Delhi riots: 10 million lack potable water supplies
It could take three to four days to reconnect 10 million people in Delhi to the water supply after protests led to the Munak canal being sabotaged...
It could take three to four days to reconnect 10 million people in Delhi to the water supply after protests led to the Munak canal being sabotaged.
At the end of last week, Jat community protesters demanded more government jobs and took control of the Munak canal, the city’s main water source.
The canal supplies the majority of potable water to 16 million people in capital city Delhi.
The BBC reported that it would take up to four days before normal supplies resumed, quoting Keshav Chandra, head of Delhi’s water board.
Chandra reportedly said that prior warnings enabled some water to be saved, with tankers being dispatched to affected areas of the city.
The army have since taken control of parts of the canal, according to the BBC, with repairs expected to take time.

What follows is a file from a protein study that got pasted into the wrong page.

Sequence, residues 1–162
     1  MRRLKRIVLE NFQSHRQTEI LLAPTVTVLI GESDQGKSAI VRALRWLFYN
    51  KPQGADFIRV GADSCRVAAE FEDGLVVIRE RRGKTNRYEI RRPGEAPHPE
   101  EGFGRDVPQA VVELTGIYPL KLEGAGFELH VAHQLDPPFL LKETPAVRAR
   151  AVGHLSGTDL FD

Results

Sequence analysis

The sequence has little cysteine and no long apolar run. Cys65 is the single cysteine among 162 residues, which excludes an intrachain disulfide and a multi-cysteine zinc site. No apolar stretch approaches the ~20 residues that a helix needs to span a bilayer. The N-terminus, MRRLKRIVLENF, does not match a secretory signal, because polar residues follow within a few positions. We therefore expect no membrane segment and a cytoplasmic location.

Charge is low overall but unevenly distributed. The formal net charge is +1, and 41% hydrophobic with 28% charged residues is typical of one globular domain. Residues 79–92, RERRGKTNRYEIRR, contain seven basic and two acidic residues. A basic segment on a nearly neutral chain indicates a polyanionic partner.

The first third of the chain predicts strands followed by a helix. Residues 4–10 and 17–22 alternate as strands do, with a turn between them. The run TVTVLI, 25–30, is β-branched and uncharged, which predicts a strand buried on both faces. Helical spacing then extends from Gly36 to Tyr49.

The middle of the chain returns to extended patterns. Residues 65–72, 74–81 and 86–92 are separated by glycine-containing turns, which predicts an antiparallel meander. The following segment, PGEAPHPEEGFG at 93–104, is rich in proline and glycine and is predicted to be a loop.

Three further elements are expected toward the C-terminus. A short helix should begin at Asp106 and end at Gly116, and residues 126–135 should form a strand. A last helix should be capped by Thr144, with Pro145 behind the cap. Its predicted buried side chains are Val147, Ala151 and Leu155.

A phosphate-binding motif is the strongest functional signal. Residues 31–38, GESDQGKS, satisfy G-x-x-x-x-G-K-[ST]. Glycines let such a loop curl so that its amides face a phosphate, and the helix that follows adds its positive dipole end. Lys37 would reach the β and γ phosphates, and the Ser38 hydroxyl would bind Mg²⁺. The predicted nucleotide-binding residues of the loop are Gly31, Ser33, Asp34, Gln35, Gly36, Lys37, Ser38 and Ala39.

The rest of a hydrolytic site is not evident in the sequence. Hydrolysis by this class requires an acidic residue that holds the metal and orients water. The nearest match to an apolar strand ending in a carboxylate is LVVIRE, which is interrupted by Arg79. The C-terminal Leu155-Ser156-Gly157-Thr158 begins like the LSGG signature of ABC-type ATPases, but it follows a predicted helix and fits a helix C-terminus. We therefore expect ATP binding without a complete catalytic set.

“Thank u army, thank u centre for securing munak canal back. Great relief for Delhi” said Delhi Chief Minister Arvind Kejriwal on twitter.
In another tweet he said: "trying to assess in how much time water would reach Delhi and whether any damage had been done to the canal".
The land-owning, relatively affluent Jat community have been demanding inclusion in government quotas for jobs that have been available to lower casts since 1991,
India’s federal government has said it will set up a top-level committee to look into the grievances of the Jats, according to the BBC.
The Guardian reported that authorities in the northern state of Haryana, which borders Delhi, have reached a deal with leaders of the Jat caste, who are in discussions to stop the protest.
So far 19 people have reportedly died from the riots.